The most public economic development contest in recent history — the nationwide battle that produced outlandish marketing stunts in an attempt to get Amazon’s attention and land its second headquarters and the $5 billion investment that goes with it — is going quiet.
At least, that was the word a top Amazon official expressed to more than a dozen representatives of Newark’s bid during an approximately hourlong conference call Monday afternoon.
The conference call was an effort by Amazon officials to give Newark officials an understanding of what will be expected during the second phase of the process for the site selection of what is being called HQ2 by Amazon.
It is assumed Amazon officials will make similar calls to all 20 finalists.
And it’s clear from the Newark call that Amazon officials want the next stages of this process to play out with less fanfare.
“They gave the indication that they wanted the public discourse to stop,” said a person who was familiar with what was said during the conference call.
The person requested anonymity as they are not authorized to speak on the subject, but they did offer some details of the call, including:
- Amazon officials said the company intends to give a second RFP, one with more specifics, to each of the 20 finalists that were selected last week;
- Amazon officials did not say specifically what would be requested in the RFP, but said it would be sent by the end of the week — and it would not be released to the public;
- Amazon officials will make a site visit to Newark and each of the other 19 finalists, but it will not be a public event;
- Amazon officials did not say whether there would be a second cutdown, as there was from the initial 230-plus proposals to the final 20, but they did say they still expect to make a decision by the end of the year.
“It was a great conversation,” the source said. “They were very professional.
“People in the room got the feeling it will be a pretty significant request for information, but they did not give any indication as of yet, because they didn’t want to give anybody a leg up on anyone else before they can speak to all 20 finalists.”
The source said people in the room felt it was readily apparent that the Amazon officials were familiar with the contents of Newark’s bid — and impressed by its contents.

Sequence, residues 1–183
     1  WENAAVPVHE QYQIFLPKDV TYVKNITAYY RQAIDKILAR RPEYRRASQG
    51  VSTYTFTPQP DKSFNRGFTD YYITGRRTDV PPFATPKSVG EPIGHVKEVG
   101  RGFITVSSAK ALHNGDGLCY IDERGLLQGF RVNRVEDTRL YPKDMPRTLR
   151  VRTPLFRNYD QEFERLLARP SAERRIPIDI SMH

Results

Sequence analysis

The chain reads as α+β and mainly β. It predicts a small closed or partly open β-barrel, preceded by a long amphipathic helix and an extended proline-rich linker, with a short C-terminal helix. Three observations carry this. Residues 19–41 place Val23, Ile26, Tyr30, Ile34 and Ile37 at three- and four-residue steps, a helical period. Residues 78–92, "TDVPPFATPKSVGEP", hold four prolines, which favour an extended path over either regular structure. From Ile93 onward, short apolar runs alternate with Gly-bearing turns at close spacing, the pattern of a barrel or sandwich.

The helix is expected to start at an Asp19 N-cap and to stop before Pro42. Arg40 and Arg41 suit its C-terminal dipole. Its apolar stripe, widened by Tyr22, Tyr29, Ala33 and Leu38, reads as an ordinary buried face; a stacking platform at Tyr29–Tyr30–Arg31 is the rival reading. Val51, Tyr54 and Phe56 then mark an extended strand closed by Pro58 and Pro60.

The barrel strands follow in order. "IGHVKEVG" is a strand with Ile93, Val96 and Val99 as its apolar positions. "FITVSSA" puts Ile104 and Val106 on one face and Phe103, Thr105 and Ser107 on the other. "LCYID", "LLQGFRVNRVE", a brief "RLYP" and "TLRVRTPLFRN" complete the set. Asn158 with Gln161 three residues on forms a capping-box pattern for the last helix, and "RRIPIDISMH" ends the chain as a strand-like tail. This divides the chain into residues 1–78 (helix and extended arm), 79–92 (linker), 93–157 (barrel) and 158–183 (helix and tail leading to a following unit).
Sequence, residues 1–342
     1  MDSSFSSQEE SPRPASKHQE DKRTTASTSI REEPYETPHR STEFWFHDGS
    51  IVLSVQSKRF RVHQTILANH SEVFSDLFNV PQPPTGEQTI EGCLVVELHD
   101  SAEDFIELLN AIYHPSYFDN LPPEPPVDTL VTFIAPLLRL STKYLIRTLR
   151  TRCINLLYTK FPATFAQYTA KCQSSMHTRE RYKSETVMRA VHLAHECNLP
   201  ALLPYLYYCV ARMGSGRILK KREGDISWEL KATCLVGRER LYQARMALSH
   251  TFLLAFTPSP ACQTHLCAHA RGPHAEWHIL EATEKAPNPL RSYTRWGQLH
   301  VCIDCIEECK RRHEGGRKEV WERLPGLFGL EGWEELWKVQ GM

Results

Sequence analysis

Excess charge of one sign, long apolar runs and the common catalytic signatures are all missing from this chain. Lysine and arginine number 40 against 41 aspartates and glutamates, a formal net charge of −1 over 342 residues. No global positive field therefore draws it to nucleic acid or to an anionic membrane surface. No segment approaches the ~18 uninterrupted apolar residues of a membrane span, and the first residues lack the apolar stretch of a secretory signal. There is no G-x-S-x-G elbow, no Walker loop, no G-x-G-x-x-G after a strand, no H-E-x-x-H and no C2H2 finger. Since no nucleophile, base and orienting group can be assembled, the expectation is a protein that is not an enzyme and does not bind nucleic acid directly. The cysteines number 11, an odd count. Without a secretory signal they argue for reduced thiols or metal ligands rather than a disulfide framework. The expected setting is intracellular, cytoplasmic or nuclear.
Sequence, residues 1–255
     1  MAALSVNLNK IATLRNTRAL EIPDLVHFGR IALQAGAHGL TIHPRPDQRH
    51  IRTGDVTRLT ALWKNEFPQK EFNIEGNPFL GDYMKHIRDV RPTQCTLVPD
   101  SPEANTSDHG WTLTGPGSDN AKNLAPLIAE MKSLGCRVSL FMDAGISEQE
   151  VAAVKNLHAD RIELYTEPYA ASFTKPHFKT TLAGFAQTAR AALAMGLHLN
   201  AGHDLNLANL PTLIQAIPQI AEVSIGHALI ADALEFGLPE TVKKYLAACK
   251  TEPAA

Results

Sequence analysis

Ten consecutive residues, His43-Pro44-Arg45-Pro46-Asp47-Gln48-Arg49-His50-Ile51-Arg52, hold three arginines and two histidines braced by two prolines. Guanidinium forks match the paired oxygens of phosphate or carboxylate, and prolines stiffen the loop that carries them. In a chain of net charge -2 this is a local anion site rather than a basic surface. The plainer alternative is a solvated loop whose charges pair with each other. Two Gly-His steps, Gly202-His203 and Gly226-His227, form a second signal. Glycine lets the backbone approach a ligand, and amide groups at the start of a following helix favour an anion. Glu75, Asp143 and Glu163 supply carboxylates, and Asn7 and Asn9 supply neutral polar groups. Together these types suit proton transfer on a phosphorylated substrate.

“You could tell by the questions they asked that the knew the details of the bid,” the person said.
While Amazon officials were close-lipped as to what would be in the coming RFP, the source said the room got a sense the next request would be a desire to get more specifics about each city’s initial proposals.
“There was a sense that, in Round One, there was more room to be creative,” the source said. “Now, it’s time to make a business decision, so they are going to be looking for more granular information in all areas, so they can compare apples to apples.
“They are in site selector mode, so I think they want enough details — what is it going to cost to move there? what is it going to cost to do business there for the next 20 years? — to make comparisons.”
Representatives of Newark’s economic development team were joined by representatives from the Governor’s Office and from some of the state’s economic development agencies. Newark Mayor Ras Baraka joined by phone.
City officials did not respond to a request for comment Monday night.
The person said they felt the unified and deep show of force should have made an impression.
“If there were any concerns about a change of administration, those should be gone,” the source said. “Having the mayor there, having Gov. (Phil) Murphy’s people there, certainly should have shown how serious Newark is about landing Amazon.”
The call for more privacy in the search wasn’t a surprise, either, the source said.
“This first round needed to be public,” the source said. “Now, we’re moving into a much more confidential period of time where they will be asking for more specifics of what they are looking for.”